Thomas HODSON – Leigh Resident in Prison

On 12 July 1814 the London Gazette told of the imprisonment of Thomas Hodson, a Leigh resident, in the King’s Bench prison for debt. Hodson was the son of a clergyman and is listed as “gentleman”. It seems he was a farmer and landowner in Leigh, although we have not yet found out where he lived. It is a bit of a puzzle because in 1812 the Sidneys at Penshurst owned about a third of the village and George Children and a Mr Harbro most of the rest. However, with the Children going spectacularly bankrupt themselves in 1812, could Hodson have bought some of the Children’s estate or did he own another part of the parish? Lawrence Biddle’s book does not mention him nor do our births/marriages/deaths lists. Nor are the maps of the village very clear for this period.

What is clear from the London Gazette is that Thomas Hodson owed money to a very large number of people. There is a list of about fifty. The majority are tradesmen in London and indicate he led a thoroughly gentlemanly life. Not only did he owe money to tailors, various providers of food including a cheesemonger, plumbers, ironmongers, a coal merchant; but he was clearly keen on horses because he owed money to a horse dealer and a horse trainer, two blacksmiths, a wheelwright, a coach-maker and various stables and inns. But his debts are not confined to the ‘working classes’. He had not paid his lawyer, his stockbroker, his banker, the Leigh Vicar, the Rev. May, various gentlemen and landowners in Leigh including Mr Harbro and two members of the Children family. He is even named as formally owing money to his father, The Rev. John Hodson of Thornham, Kent.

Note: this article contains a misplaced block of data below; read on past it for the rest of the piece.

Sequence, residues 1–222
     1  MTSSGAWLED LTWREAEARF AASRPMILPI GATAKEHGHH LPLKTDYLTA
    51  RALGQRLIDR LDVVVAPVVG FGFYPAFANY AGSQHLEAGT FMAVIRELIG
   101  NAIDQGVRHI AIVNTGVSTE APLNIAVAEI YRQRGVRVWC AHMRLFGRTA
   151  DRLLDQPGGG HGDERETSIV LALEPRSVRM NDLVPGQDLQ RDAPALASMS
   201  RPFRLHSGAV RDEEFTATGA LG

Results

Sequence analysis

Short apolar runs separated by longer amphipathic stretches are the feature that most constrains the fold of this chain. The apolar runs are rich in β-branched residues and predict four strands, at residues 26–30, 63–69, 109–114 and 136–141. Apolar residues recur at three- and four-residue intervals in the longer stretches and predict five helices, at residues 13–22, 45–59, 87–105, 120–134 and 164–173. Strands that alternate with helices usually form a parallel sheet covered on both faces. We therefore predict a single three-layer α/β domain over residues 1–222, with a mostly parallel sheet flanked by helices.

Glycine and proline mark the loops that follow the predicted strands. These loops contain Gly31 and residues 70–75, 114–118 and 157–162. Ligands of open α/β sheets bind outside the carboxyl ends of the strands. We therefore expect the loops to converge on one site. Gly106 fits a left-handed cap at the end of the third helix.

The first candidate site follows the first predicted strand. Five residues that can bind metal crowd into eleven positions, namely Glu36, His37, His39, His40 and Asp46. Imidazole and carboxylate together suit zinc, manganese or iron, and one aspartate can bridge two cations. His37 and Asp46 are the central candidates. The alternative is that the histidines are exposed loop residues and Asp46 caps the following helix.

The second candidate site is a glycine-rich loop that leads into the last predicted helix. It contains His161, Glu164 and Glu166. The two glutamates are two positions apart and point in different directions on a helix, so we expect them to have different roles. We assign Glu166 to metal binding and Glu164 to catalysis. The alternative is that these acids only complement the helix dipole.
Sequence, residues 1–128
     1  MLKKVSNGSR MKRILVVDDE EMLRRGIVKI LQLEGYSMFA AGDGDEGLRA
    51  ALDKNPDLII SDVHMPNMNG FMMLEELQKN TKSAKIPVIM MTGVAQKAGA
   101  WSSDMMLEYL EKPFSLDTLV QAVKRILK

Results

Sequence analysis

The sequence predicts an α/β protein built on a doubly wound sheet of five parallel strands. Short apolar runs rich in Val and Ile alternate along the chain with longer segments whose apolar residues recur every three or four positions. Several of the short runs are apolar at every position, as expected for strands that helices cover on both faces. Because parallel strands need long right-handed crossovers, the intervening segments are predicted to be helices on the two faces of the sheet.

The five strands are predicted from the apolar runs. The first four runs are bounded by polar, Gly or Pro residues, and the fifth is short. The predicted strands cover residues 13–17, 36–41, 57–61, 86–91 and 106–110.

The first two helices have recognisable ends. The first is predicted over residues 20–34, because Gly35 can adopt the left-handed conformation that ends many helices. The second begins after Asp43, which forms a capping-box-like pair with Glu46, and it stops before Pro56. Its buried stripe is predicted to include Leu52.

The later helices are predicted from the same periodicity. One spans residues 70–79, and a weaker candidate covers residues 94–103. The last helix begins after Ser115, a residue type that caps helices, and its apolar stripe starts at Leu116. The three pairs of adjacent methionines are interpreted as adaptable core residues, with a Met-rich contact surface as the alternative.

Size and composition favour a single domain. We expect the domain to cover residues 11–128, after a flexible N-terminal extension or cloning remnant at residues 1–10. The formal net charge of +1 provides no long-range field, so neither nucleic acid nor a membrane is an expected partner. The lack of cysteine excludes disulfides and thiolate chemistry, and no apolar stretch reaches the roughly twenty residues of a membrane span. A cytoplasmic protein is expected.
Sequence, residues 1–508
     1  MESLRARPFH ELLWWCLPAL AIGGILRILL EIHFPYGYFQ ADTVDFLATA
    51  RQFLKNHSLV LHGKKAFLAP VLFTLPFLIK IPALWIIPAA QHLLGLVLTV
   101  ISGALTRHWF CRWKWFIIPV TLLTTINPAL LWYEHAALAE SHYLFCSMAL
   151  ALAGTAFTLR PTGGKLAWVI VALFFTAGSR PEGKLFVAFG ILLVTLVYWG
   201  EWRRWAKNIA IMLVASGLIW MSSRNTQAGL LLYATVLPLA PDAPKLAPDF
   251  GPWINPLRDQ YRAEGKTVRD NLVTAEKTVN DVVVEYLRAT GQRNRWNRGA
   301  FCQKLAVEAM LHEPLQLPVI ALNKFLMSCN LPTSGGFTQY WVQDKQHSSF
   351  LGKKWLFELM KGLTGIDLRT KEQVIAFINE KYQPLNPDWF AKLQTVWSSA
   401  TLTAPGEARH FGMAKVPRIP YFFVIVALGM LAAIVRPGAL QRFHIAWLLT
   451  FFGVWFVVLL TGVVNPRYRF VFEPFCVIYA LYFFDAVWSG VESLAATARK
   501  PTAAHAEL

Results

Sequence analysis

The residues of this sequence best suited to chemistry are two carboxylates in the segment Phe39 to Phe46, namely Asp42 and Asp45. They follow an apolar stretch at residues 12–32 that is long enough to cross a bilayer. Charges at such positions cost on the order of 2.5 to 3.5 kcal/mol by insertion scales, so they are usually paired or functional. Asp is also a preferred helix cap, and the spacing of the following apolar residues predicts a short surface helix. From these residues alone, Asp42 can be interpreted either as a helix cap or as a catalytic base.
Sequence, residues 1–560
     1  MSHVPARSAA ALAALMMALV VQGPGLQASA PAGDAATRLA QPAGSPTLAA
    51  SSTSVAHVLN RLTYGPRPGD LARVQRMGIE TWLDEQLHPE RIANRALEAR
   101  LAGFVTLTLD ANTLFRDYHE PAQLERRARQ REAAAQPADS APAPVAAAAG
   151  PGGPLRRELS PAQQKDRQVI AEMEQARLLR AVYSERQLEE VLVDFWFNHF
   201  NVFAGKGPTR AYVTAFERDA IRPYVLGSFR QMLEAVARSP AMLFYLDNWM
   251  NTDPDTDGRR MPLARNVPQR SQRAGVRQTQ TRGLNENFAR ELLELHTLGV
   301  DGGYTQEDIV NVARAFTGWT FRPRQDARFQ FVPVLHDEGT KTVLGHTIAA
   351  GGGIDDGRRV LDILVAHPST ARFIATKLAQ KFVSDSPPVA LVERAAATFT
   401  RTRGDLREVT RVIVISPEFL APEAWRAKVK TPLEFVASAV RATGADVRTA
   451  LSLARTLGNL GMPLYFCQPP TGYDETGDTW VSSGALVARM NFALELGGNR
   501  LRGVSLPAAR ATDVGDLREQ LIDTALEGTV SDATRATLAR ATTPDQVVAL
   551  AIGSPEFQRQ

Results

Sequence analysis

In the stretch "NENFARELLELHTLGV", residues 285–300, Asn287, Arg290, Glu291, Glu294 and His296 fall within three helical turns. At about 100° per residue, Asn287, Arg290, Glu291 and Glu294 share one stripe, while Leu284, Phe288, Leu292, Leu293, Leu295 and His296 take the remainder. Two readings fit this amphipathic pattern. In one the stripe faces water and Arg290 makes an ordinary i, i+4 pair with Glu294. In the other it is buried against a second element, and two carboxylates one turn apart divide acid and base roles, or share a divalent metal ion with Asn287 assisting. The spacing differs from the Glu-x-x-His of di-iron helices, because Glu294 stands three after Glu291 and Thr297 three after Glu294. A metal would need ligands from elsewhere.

The newspaper article does not give the total debt, nor does it say what had happened to cause his problems or what happened to him after his detention awaiting his trial. However, we do know that he married Frances Charlesworth; that he may have moved to Holland; and that the family emigrated to Canada – presumably to escape his troubles. Should we feel sorry for him or was he a nasty piece of work? If someone had some time to investigate, one of his descendants, Susan Bland, who sent us the newspaper article, would be interested to hear.

Parish Magazine Article: Nov 2008: by Chris Rowley

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